ST. PAUL, Minnesota (AP) — U.S. Rep. Michele Bachmann, an outspoken Republican with close ties to the conservative tea party movement, announced that she is running for president, a candidacy that could further shake up a volatile fight for the party's nomination.
The first female contender to enter the 2012 race, Bachmann announced her bid during a Republican presidential debate Monday night in New Hampshire. The third-term Minnesota congresswoman has been leaning heavily toward a run over the past few months, visiting early primary states, raising money and railing against President Barack Obama.
In Bachmann's quick rise from state lawmaker to unofficial tea party ambassador in Washington, her brazen style has kept Republican leaders on edge and appealed to those in the party searching for a fresh, unfettered voice. She relishes the spotlight and seldom cedes ground.
"We cannot risk giving President Obama four more years to dismantle our nation. We must act now," Bachmann said in a fundraising letter sent within an hour of her entrance. "That's why I've made the decision to get in this race."
Her unpredictable edge was on display during Monday night's Republican presidential debate in New Hampshire when, out of the blue, she announced that she had filed papers to be an official candidate for the Republican nomination.
"I do what I say and I say what I mean and I don't change what I do based on a political wind or desire to necessarily move up the next ladder," Bachmann told The Associated Press this spring in an interview in which she stressed her eagerness to "take on not only the opposing party but my own party as well to do what I think is right."
Known for piercing and sometimes inaccurate commentary, she regularly aggravates political foes and provides ample fodder to late-night comics. She once falsely claimed taxpayers would be stuck with a $200 million per day tab for Democratic President Barack Obama's trip to India. She mistakenly identified New Hampshire as the site of the Revolutionary War's opening shots (that key American moment occurred in Massachusetts).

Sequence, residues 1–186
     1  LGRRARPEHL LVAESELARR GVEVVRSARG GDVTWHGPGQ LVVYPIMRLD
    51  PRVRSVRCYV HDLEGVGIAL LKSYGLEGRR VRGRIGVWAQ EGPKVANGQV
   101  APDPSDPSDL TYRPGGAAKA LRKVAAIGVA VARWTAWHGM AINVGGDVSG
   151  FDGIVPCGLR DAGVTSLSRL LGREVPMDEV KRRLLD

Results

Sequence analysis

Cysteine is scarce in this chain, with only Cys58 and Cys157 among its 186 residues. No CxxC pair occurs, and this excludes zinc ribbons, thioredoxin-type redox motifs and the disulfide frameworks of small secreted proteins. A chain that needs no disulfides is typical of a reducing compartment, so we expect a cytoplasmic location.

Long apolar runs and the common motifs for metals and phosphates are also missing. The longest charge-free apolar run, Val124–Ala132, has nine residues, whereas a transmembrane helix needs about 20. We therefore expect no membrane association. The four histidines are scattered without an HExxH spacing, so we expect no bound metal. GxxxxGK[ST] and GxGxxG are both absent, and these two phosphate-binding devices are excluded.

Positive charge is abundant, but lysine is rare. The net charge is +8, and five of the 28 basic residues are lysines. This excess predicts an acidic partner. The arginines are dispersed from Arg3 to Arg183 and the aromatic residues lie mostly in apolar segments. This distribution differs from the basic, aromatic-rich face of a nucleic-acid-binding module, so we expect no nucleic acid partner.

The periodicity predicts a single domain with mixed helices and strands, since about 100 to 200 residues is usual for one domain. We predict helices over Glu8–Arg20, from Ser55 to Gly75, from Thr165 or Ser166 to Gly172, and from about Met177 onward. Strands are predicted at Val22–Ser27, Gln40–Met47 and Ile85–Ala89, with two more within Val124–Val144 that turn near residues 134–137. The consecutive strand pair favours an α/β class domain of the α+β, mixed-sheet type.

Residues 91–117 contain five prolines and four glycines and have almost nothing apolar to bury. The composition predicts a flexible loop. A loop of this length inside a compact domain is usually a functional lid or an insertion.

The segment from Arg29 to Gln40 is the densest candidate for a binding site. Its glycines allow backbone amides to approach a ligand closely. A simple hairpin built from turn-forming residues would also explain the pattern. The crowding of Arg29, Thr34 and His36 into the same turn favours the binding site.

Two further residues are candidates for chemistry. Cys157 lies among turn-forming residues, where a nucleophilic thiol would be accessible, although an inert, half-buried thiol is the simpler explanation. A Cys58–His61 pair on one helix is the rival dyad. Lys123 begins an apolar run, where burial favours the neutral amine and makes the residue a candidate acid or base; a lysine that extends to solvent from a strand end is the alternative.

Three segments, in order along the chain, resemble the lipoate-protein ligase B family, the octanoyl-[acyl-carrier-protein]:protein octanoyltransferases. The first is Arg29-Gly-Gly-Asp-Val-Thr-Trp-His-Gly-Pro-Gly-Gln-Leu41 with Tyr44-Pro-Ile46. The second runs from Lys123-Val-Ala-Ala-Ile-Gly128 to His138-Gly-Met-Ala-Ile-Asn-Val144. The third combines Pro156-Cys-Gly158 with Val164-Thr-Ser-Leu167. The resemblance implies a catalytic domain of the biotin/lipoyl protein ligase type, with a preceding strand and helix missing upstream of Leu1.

While some see her as a novelty candidate, she's also regarded as a skilled, resilient politician.
"I know people like to pick at her," said Dan Nygaard, a local Republican official during Bachmann's early days in politics. "But you can never underestimate her."
Bachmann is attempting the rare leap from the U.S. House of Representatives to the presidency.
Despite having low seniority and few policy accomplishments, she has risen to prominence in Washington in part by her frequent television appearances and willingness to attack Obama in sharp terms.
Her popularity with tea party activists and her credentials as a social conservative make her a credible threat to other candidates courting conservatives who make up the core of the Republican Party. Her impact may be felt most in Iowa, the first stop in the nomination battle and where Christian evangelicals dominate.
Bachmann spent the bulk of her political career in Minnesota and Washington as a minority party member, reveling in her role as a fierce voice of the opposition. She didn't let up when Republicans gained control of the U.S. House last fall, enhancing her standing through public breaks with party leaders after she was denied a place in caucus leadership.
The camera-friendly congresswoman has irked some party leaders by grabbing at the spotlight, such as the alternate televised response she delivered to Obama's State of the Union speech this winter.
Her willingness to speak her mind — she once accused Obama of running a "gangster government" — has brought her both loyal fans and plenty of critics.
Since first hinting at a presidential campaign ahead of an Iowa speech in January, she has made sustained trips there and to New Hampshire and South Carolina, all places with an outsized voice in the nominating process. She previously told reporters she would announce her intentions this month in her birthplace of Waterloo, Iowa.
Other full-fledged candidates include former Govs. Mitt Romney of Massachusetts and Tim Pawlenty of Minnesota, former House Speaker Newt Gingrich, Texas Rep. Ron Paul, former Pennsylvania Sen. Rick Santorum and businessman Herman Cain.
Still a possibility is Sarah Palin, the former Alaska governor and 2008 Republican vice presidential nominee. Palin assisted Bachmann in her 2010 race. And while the two deny any inherent rivalry, the possibility they may both run in 2012 has already stirred up such talk.
Bachmann, 55, enters as a definite factor in Iowa's caucuses, not just because it is her native state and now neighbor. Despite her status as an elected official, she is attractive to Republican activists looking for a candidate with outsider appeal. She particularly resonates with the conservative coalition that led former Arkansas Gov. Mike Huckabee to a 2008 caucus win in Iowa.
Before politics, Bachmann was an attorney who at one point chased tax cheats for the federal government. A mother of five and foster parent over the years to more than 20 girls, Bachmann dove into public life during a fight over Minnesota school standards. She spent six years in the Minnesota Senate before winning an open seat Congress, where she's been since 2007.
Bachmann's husband, Marcus, runs a Christian-based counseling clinic.
Associated Press writer Thomas Beaumont contributed to this report from Des Moines, Iowa.
- tea party movement
- President Barack Obama